Author: Don Oehlert
The word sounds kinda ugly, doesn’t it? It sounds like a judgement – and not for the better, either. It sounds like you’re just not good enough. It’s kind of a scary word, because you don’t really know when it will end. It’s an empty word, full of angst.
It rings of loneliness. It can be thought of as embarrassing.
And yet, if you’re married and have children, it doesn’t just affect the unemployed breadwinner in the house only.
The whole family suffers.
The spouse/significant other feels bad for the person that’s unemployed. They feel pressure if they have a part time job, to get a full-time job so they can pitch in. The kids seem to sense something is up. Younger ones may not know what it is, or what it means, but they’ll sense something isn’t quite right.
Scary, but not shameful.
One other thing to remember is that when you’re unemployed, it’s no longer a stigma. Over the last 25 years (since 1995), most of the workforce has been unemployed for some stretch of time, at some point. Y2K issues. Dot.com bubble burst. The mortgage crisis of 2006-2009 and resulting recession. Now, especially this year (2020), with the COVID pandemic, even more people are feeling the pinch of unemployment.
Given that, many people that are working and looking for employees are giving the unemployed a pass. Holding onto that stigma and guilt is unhealthy and adversely effects the whole family even though they’ll keep supporting you.
Yes, in the recent past, it has been thought of as “Well, if they weren’t good enough for their former employer, they must not be any good at all.”
Nothing could be further from the truth. There are always reasons why people are unemployed. Notice I used the word “reasons” and not “excuses.”
They could range from market swings, to poor decisions, to product staleness, to viral new products from a competitor. It could be due to an election. Maybe due to a natural disaster. It could be due to a war or terrorist attack. There are any number of other reasons.
Let’s think of it this way.
Let’s take a fictional character named Harry. Harry has been with ABC Office Machines for over 20 years. He’s always done great work since the day he got there – his reviews have always been positive. His customers love him, and request him all the time. The only problem is, Harry is the top guy at the company when it comes to fixing typewriters and fax machines. To the younger set out there, these may sound like horse-and-buggy technology. In today’s world, I guess it is.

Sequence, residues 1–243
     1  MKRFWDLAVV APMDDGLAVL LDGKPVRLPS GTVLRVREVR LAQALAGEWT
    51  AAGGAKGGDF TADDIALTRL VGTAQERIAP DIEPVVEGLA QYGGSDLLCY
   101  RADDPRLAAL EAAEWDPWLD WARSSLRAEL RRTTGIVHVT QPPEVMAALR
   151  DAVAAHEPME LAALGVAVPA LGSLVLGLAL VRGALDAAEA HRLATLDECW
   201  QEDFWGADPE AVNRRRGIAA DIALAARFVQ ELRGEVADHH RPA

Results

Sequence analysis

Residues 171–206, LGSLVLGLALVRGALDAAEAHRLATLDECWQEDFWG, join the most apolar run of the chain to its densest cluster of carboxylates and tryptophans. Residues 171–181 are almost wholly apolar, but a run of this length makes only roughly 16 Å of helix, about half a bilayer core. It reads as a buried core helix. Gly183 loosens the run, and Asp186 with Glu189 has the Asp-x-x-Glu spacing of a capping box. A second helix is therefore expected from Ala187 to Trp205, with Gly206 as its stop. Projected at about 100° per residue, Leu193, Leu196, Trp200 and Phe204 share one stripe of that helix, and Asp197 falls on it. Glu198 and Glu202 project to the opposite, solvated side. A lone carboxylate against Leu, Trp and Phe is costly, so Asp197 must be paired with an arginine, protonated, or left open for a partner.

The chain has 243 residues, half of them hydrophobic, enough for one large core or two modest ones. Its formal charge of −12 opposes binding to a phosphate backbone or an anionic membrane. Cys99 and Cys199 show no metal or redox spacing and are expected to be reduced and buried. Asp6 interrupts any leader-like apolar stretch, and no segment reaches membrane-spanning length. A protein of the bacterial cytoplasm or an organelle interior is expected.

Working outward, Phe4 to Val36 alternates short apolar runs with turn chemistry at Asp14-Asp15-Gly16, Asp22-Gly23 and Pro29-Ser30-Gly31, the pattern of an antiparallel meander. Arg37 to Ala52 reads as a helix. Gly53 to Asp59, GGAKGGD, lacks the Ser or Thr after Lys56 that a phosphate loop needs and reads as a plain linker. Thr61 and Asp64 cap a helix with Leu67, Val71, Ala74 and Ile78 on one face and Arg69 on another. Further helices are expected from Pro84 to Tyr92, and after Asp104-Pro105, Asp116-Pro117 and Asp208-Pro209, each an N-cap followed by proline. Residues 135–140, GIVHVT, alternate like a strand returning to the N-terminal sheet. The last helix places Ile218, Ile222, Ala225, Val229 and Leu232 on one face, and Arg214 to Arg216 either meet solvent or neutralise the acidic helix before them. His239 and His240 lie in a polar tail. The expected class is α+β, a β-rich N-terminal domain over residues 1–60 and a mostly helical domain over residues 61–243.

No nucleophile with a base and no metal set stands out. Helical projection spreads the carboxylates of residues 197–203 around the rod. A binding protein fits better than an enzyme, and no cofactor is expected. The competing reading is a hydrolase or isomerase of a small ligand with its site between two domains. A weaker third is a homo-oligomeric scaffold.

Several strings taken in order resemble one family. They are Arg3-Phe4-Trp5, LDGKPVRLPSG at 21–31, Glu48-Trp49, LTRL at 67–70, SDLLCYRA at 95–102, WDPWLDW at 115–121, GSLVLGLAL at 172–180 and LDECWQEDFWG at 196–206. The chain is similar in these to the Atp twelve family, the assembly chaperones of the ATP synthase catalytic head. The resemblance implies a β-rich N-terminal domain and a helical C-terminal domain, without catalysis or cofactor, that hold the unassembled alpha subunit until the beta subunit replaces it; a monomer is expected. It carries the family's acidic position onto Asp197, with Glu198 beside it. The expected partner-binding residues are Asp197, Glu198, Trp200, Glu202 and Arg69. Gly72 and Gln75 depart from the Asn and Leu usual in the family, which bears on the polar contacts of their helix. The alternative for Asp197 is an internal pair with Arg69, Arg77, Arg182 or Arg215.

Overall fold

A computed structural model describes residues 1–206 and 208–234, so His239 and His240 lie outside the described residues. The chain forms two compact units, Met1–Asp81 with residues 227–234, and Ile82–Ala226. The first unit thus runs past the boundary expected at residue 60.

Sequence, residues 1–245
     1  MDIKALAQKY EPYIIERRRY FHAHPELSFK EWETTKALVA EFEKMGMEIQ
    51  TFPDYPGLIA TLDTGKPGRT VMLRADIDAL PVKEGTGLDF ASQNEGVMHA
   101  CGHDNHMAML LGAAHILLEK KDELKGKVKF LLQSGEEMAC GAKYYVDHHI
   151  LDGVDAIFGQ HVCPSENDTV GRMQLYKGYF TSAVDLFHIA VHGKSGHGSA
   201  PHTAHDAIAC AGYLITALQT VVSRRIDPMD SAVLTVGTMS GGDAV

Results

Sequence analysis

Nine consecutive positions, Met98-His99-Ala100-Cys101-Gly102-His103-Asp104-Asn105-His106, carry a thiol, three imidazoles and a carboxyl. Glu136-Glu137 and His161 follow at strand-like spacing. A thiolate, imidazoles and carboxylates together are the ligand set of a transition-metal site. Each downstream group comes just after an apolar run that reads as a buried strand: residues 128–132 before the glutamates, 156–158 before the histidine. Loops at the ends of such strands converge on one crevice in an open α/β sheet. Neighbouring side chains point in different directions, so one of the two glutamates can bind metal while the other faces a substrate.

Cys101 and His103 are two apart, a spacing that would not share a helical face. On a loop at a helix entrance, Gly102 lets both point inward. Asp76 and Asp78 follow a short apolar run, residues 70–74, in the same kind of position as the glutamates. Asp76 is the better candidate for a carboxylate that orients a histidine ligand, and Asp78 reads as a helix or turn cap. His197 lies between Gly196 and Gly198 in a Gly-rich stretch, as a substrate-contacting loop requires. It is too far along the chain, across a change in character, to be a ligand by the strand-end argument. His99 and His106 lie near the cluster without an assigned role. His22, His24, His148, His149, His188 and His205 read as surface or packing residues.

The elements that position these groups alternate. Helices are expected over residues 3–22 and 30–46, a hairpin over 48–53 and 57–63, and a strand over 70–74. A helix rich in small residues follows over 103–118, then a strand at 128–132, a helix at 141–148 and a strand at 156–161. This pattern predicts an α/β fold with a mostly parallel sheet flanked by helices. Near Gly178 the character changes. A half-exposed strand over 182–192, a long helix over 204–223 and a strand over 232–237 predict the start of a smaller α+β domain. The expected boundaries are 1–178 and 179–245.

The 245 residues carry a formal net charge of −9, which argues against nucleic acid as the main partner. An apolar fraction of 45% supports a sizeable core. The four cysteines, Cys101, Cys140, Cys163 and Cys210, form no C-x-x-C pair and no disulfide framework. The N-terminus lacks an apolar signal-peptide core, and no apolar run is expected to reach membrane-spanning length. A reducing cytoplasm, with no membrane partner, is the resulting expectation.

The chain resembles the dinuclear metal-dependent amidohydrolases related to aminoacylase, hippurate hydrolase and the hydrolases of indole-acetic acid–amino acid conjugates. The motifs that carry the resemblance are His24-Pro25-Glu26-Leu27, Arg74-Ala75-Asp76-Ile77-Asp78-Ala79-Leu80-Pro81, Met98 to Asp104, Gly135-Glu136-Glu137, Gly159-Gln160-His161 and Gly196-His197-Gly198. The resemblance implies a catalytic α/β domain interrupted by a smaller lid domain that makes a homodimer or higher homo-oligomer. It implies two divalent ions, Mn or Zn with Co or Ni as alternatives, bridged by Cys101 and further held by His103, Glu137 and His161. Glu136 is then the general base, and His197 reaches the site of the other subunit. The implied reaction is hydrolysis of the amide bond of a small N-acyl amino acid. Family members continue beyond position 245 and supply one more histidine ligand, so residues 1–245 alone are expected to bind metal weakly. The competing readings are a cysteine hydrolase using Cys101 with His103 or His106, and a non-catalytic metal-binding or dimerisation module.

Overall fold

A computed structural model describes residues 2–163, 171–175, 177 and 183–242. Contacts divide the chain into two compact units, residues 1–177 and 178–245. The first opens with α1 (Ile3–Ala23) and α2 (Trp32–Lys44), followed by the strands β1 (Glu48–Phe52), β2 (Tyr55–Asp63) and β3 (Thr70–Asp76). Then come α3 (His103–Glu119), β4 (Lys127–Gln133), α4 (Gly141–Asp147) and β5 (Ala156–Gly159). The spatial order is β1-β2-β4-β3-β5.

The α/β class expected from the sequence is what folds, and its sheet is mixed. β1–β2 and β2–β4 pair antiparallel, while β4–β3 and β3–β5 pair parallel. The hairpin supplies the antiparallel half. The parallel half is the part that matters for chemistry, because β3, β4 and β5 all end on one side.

Anyway, back to Harry. One day in 2007, Harry is brought into the office and is dismissed just shy of his 20th anniversary (and resulting pension benefit). “It’s for business reasons, Harry!” (much like the “it’s not you, it’s me” saying from a rom-com – only in this case, it really isn’t Harry’s responsibility).
Is it Harry’s fault that he was laid off or fired? Not really, and certainly not due to his performance. ABC Office Machines didn’t see the end of faxing. They didn’t plan for the complete collapse in demand for typewriters. I mean, there are still forms (in triplicate) to be filled out, right? What works better than a typewriter to do that? One can say nothing. But one can also say that the high-speed laser printer can make three copies of a specific document almost as fast as the typewritten form can be filled out, aligning all of those blank lines to fill out. Carbon paper to straighten. Etc.
How much of any of that is there around today? I’m going to posit that many of the younger crowd doesn’t even know what carbon paper is!
You always have options.
The point I’m trying to make is, there are people on the street now (and there always have been) that have been victimized by many things beyond their control. And if it’s beyond your control, there’s no reason to feel like you are responsible for the outcome. And if you’re not responsible for the outcome, there’s no reason to feel bad about being laid off.
You can always network more (I know – just when you feel least like it). Perhaps you can always hire a career coach or resume writer. You can update your LinkedIn profile to reflect your status. Ask the whole family to give you suggestions. Strike up a conversation to someone behind you in the grocery store line. So maybe you can join a networking group or a faith-based job club. You can go to the local state/federal workNET Center.
Now if you stay laid off, that’s inside your control.
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